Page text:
C# Feature Focus: Co- and Contra-variance
In order to match Java and support J#, .NET arrays have always been co-variant. Unfortunately it was done so in an unsafe fashion, necessitating the need for runtime checks whenever storing values in an array. For .NET 2 and generics, neither co- nor contra-variance was supported.
.NET 4 will support safe co- and contra-variance on interfaces and delgates. In order to do this types in the interface can be marked with either an "in" or "out" modifier. If marked as out, the interface supports co-variance and the given type can only appear as a return type or read-only property. If marked in, the type can only appear as a parameter or set-only property.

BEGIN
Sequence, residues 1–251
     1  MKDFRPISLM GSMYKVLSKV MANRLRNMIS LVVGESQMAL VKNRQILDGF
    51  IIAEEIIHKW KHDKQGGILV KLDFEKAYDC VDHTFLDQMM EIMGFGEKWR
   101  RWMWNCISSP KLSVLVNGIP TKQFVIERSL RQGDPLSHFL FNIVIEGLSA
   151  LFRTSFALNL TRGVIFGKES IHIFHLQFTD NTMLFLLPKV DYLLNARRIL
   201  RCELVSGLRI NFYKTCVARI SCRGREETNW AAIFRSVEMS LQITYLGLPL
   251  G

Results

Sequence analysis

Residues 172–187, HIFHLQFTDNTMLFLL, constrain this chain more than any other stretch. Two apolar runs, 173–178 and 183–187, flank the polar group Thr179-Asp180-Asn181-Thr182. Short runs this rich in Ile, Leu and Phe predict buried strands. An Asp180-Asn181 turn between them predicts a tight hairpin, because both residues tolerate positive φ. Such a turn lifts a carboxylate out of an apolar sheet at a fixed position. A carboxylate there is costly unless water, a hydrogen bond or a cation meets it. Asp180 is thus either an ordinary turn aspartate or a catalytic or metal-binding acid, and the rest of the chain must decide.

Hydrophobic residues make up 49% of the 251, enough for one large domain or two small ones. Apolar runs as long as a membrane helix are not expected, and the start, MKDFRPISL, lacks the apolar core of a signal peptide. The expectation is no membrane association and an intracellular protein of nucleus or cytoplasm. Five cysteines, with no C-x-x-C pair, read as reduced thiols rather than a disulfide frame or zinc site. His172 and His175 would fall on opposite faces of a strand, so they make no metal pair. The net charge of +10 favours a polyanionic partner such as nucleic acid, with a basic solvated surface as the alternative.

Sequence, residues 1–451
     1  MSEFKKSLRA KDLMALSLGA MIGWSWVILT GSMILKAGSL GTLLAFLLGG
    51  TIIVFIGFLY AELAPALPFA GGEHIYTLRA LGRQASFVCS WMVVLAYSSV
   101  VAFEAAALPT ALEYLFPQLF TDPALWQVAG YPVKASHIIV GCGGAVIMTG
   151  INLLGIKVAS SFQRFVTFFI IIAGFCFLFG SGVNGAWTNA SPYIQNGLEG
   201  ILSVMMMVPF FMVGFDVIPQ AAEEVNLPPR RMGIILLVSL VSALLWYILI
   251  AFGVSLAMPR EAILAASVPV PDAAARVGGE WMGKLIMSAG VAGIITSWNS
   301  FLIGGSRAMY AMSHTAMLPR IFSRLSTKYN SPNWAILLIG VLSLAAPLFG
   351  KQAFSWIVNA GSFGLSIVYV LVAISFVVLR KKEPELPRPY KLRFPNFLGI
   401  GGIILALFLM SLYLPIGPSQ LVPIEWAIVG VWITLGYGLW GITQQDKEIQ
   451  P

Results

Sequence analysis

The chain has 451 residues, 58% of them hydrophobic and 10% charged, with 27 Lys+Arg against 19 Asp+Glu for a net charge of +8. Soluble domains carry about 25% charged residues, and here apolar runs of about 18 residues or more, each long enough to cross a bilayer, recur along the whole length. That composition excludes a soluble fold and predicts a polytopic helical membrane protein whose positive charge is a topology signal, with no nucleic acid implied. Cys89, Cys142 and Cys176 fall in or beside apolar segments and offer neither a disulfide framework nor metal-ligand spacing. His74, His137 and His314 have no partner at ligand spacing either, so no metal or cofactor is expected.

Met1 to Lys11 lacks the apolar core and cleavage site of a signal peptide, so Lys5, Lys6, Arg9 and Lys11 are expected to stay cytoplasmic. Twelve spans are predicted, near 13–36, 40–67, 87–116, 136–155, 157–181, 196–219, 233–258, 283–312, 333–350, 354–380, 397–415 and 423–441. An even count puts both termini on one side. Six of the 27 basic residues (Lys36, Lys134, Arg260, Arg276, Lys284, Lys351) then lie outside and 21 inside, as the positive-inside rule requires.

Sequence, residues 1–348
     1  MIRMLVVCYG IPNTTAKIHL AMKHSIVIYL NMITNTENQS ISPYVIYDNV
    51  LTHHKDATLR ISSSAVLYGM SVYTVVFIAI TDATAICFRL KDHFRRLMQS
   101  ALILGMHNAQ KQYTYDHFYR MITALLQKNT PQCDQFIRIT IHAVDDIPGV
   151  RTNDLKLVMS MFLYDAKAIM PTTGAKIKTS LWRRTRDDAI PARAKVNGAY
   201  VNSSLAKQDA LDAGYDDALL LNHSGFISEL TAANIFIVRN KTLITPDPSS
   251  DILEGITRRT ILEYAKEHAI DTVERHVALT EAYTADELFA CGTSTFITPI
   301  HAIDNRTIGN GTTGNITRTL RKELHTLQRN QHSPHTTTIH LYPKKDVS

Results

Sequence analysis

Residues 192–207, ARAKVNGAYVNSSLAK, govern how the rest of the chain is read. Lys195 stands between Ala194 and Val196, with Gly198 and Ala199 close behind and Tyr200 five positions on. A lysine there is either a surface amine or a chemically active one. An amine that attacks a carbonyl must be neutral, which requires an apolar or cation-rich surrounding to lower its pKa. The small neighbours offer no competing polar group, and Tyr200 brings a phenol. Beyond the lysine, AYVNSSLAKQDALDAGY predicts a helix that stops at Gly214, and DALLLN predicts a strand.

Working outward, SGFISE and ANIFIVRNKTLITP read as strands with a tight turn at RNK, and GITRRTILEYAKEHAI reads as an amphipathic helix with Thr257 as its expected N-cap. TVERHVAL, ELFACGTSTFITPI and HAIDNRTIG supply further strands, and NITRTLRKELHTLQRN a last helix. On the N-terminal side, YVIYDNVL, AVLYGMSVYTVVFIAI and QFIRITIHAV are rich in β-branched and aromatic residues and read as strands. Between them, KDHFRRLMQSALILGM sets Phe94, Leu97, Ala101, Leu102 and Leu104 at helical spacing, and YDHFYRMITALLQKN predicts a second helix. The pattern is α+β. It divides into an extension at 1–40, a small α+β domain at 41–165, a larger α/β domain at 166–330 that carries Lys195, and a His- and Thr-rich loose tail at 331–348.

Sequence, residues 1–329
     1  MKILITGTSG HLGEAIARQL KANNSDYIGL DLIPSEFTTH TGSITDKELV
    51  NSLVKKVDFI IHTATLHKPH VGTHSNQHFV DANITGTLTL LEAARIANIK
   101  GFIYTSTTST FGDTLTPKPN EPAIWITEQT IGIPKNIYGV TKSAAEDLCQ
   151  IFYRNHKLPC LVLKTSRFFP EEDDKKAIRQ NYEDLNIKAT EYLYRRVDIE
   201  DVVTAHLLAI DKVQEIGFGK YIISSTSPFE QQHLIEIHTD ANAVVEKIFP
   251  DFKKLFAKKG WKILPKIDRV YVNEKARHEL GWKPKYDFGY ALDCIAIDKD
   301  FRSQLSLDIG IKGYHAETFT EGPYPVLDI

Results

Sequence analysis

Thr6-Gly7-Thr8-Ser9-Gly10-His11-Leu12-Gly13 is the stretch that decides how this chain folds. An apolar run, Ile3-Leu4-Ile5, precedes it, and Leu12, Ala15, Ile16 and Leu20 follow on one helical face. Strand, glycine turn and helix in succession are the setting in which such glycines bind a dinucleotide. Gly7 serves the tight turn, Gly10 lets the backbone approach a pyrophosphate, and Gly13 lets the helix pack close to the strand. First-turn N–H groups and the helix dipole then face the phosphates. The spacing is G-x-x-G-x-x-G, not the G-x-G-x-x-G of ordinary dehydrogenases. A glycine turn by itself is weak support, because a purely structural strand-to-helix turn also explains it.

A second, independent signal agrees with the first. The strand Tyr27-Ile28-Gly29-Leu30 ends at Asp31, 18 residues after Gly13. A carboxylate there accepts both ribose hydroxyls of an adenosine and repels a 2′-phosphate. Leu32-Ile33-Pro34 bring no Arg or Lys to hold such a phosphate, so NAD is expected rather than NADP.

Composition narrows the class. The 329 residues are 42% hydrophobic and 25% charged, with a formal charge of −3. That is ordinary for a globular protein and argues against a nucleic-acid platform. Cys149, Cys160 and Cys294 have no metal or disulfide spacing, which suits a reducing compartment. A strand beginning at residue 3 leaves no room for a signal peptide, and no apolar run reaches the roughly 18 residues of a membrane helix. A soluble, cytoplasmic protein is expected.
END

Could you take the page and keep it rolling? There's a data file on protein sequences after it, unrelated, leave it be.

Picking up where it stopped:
This support is only for reference types, no variance is allowed on structures. Also, parameters passed by reference are not allowed. IEnumerable, IQueryable, Func, and Action are examples of primary interfaces and delegates that will be marked for variance support.
For more information on this see our article Covariance and Contravariance in .NET Generics and Eric Lippert's Co- and contra-variance: how do I convert a List(Of Apple) into a List(Of Fruit).